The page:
205 F2d 568 Latimer v. Cranor
205 F.2d 568
CRANOR, Superintendent of Washington State Penitentiary.
United States Court of Appeals Ninth Circuit.
June 22, 1953.
George D. Latimer, in pro. per., for appellant.
Don Eastvold, Atty. Gen., State of Wash., Cyrus A. Dimmick, Asst. Atty. Gen., State of Wash., for appellee.
Before DENMAN, Chief Judge, and HEALY and ORR, Circuit Judges.
DENMAN, Chief Judge.
This is an appeal from a judgment of the United States District Court for the Eastern District of Washington, denying an application for habeas corpus by a state prisoner. A former application had been dismissed without prejudice because of a failure to exhaust state remedies.
Latimer was convicted on a charge of forgery in Stevens County, Washington, on August 31, 1937, and was given a sentence of twenty years. On May 16, 1951, he was released on parole. On September 26, 1951, he was convicted in King County, Washington, on a new charge of forgery and was sentenced thereunder. It is this sentence that is being attacked by the application for the writ. On May 5, 1952, the Washington State Board of Pardons and Paroles issued an order revoking the parole on the first judgment. At this stage of the proceedings, on January 6, 1953, the judgment appealed from was entered — a dismissal of the application as premature because Latimer was serving a valid pre-existing sentence.
Subsequent to the district court's decision, on March 28, 1953, the Superior Court in and for the State of Washington in and for Stevens County, Washington, granted Latimer's petition for a writ of habeas corpus and held that he had fully served his time under the 1937 judgment and returned him to prison to serve only the 1951 sentence. The Superintendent does not question its finality. Thus it would seem that the ground relied upon by the district court for dismissing the petition is no longer in existence.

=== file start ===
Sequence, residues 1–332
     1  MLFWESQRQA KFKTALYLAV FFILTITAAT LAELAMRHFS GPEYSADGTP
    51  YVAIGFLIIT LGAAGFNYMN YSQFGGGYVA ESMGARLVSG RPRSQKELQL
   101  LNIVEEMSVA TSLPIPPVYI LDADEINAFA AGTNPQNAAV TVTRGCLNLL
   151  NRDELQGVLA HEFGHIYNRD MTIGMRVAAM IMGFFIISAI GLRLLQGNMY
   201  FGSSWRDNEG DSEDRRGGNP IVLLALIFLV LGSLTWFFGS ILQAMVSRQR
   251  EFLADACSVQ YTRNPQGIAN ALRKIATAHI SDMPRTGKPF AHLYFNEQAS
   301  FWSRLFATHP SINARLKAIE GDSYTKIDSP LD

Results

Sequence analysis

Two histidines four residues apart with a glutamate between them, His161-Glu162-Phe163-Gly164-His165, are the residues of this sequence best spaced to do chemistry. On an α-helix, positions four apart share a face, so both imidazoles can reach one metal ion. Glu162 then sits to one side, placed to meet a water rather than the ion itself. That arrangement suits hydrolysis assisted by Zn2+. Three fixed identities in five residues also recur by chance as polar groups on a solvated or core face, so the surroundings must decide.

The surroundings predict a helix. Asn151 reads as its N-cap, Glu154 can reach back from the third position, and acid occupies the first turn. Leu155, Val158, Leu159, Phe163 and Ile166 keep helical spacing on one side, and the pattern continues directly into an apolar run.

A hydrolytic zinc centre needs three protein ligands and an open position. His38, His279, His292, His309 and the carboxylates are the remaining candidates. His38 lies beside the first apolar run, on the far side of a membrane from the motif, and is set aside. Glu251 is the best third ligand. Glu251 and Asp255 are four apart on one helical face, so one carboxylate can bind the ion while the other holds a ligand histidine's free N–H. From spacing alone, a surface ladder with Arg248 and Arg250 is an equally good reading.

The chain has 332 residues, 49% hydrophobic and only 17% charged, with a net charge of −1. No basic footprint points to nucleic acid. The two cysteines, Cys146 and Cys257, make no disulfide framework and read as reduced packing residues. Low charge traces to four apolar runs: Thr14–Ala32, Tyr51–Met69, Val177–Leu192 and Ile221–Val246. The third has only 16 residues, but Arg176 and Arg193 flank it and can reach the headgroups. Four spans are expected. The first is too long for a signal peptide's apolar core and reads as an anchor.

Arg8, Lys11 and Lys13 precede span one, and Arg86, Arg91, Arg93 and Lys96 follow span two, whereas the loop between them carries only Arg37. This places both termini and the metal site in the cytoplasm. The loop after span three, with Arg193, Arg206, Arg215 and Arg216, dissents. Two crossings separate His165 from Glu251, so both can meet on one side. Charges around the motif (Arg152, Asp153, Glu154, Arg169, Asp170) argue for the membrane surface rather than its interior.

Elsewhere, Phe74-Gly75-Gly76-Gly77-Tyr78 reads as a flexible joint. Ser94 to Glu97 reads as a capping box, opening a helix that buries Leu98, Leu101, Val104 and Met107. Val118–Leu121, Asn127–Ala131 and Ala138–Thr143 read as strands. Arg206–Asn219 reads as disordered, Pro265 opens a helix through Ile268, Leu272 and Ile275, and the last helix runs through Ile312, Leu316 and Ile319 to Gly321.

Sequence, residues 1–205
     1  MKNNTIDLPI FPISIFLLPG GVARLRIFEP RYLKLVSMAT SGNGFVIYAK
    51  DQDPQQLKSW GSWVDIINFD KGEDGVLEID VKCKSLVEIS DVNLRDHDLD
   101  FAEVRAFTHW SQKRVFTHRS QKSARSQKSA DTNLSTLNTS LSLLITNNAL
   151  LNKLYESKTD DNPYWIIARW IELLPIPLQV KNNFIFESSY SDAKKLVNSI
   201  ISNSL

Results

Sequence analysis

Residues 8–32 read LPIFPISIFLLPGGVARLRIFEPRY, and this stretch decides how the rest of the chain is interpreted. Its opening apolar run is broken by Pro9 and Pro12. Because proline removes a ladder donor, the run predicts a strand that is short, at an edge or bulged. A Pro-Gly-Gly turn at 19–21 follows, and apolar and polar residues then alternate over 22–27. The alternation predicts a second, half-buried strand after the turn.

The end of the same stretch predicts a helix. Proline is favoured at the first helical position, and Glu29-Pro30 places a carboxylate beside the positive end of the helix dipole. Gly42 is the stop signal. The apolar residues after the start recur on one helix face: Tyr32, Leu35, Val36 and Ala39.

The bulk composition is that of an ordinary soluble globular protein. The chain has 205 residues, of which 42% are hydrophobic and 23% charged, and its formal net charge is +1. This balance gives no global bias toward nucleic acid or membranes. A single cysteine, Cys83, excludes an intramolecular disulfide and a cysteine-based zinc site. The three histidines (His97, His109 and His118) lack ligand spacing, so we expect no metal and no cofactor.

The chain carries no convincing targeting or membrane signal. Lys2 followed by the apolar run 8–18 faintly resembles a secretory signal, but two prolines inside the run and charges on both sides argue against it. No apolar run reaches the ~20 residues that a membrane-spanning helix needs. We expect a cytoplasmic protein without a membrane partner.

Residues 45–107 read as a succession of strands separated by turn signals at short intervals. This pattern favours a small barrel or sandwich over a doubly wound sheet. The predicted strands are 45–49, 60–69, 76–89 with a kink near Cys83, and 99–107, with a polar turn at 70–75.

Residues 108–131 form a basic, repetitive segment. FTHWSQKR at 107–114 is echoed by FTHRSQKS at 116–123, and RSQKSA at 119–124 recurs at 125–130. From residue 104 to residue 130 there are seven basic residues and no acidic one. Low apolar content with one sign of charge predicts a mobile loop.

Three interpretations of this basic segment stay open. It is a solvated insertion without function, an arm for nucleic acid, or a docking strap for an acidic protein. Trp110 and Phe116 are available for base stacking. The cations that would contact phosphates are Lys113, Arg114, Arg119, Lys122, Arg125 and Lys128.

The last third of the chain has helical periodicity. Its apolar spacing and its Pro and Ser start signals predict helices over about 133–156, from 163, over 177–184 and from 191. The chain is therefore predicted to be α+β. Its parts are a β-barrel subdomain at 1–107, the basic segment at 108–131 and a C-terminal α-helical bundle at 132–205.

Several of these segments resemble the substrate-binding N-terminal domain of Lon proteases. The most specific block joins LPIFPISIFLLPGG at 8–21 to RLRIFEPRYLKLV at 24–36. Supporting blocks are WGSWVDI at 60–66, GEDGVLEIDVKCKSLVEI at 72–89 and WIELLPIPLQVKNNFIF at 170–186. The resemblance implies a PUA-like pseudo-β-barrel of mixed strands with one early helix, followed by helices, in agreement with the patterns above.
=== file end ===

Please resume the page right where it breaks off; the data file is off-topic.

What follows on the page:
In Sharpe v. Buchanan, 317 U.S. 238, 63 S.Ct. 245, 87 L.Ed. 238, the petitioner had not exhausted his state remedies when he applied for a writ in the federal courts. The district court denied the petition and the court of appeals affirmed on the sole ground that the state remedies had not been exhausted. Between the time of this latter judgment and the time of consideration by the Supreme Court, the petitioner exhausted his state remedies. The Supreme Court ordered the judgment vacated and remanded the cause for such further proceedings as the court of appeals deemed appropriate. We have held that it is the condition of the habeas corpus proceeding as it is in the appellate court which is determinative. Thomas v. Teets, 9 Cir., 205 F.2d 236. This is similar to the rule in ordinary appellate cases that an appellate court must consider any change of law or fact which has occurred since the judgment was rendered in disposing of a case. Patterson v. State of Alabama, 294 U.S. 600, 607, 55 S. Ct. 575, 79 L.Ed. 1082; Watts, Watts & Co. v. Unione Austriaca De Navigazione, etc., 248 U.S. 9, 21, 39 S.Ct. 1, 63 L.Ed. 100.
The judgment is vacated and the case remanded to the district court for its consideration in view of the above state court's decision.